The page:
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Berlin during Olympics 1936

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Berlin was voted to host the Olympic games in 1931, In 1933 the Nazi party rose to power (Grannan, n.d). After this many western countries wanted to boycott the Olympics. This was because they were appalled by the German’s racist policies and human rights violations. 49 countries still attended the Berlin Olympics. That was the biggest number of countries to ever attend the Olympic games at their time. The Nazis spent 162.4 million dollars building a 325-acre Olympic sport complex (The History Place, 2001). It was located five miles west of Berlin. The centerpiece of the Olympic complex was a stadium able to seat 110,000 people. It was the largest stadium in the world. The president of Germany’s Olympic Committee was kicked out after it was discovered his grandmother was Jewish. He was replaced by a man named Hans von Tschammer und Osten (The History Place, 2001).

He established the “Aryans Only” policy in choosing Germany’s Olympic athletes. Some of the Jews who were not allowed to participate were world class athletes. Most of them and other Jew athletes left Germany to continue their careers elsewhere. The Nazis also didn’t allow Gypsies to participate including their champion boxer Johann Trollmann. These bans were condemned internationally as a violation of Olympic code of equality and fair play (The History Place, 2001). The Olympics were supposed to be an exercise in goodwill among all nations emphasizing racial equality in sports competition. The Nazis, however, had no interest in promoting racial equality and hoped instead to use the Olympics to show off Aryan athletes, who they believed were naturally superior because of their race (The History Place, 2001). The Nazis attitude brought international calls for a boycott of the Berlin games. There were also requests to move the games to another country. For many American critics of the Hitler regime, the banning of Jews from Germany’s Olympic team was the last straw. The American Olympic Committee was headed by former U.S. Olympic athlete, Avery Brundage, who initially supported the idea of a boycott of the Berlin Olympics (The History Place, 2001). The Nazis attempted to smooth things over by inviting Brundage to Germany and took him to see special training courses supposedly set up for use by Jews in Germany. Brundage was impressed by what he saw and by the extra-special VIP treatment he was given by the Nazis. As a result, Brundage returned to America and announced on September 26, 1934, that the American Olympic Committee officially accepted the invitation to participate in the Berlin Olympics (The History Place, 2001).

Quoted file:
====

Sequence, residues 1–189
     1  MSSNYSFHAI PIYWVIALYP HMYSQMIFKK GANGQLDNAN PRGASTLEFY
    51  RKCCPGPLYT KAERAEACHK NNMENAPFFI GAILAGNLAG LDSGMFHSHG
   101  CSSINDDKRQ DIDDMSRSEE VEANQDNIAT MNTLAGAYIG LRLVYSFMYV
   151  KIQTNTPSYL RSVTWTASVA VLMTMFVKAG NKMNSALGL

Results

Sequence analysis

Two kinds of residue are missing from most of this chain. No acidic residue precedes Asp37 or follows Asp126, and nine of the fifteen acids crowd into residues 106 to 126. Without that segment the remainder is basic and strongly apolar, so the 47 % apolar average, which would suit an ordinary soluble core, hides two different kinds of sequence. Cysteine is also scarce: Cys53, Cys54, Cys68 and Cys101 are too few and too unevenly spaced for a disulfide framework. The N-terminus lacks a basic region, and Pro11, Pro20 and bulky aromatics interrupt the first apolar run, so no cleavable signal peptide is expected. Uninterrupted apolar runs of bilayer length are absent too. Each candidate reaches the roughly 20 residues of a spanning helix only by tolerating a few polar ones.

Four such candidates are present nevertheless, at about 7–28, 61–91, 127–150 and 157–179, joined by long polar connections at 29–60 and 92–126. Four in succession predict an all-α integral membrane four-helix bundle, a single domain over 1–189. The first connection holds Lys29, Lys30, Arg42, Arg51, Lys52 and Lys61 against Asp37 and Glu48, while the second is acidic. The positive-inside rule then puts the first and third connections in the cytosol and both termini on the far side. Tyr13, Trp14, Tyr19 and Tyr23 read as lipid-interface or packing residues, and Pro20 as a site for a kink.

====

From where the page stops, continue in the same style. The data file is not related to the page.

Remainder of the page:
The Amateur Athletic Union, however, was not so easily swayed. Its leader, Jeremiah Mahoney, declared that American participation in the Berlin Games meant nothing less than giving American moral and financial support to the Nazi regime, which is opposed to all that Americans hold important. Mahoney was supported in his position by various American Jewish and Christian leaders, along with liberal politicians such as New York Governor Al Smith. 41 college presidents also voiced their support for a boycott. In addition, America’s trade union leaders supported an Olympic boycott and pushed for a complete economic boycott of Nazi Germany. They were strongly anti-Hitler because of the orderly division of Germany’s trade unions by the Nazis. Responding to the mounting international pressure, the Nazis made a token gesture by allowing a part-Jewish athlete, Helene Mayer, back on their Olympic team. She had won a gold medal at the 1928 Games and was the world’s greatest female fencer. The Nazis also let the part-Jewish Theodor Lewald function as an advisor to Germany’s Olympic Organizing Committee (The History Place, 2001).

Avery Brundage responded to his own critics by claiming the Olympics were meant for “athletes not politicians”. He succeeded in convincing several American athletes to his point of view. When the Amateur Athletic Union took its final vote on December 8, 1935, the boycott proposal was voted down by a very thin margin. Tourists entered a clean Berlin where all undesirable people had been swept off the streets by police and sent to a special detention camp outside the city. Buildings everywhere were decorated with Olympic flags hung side-by-side with Nazi swastikas including all the various facilities used for sporting competitions (The History Place, 2001).

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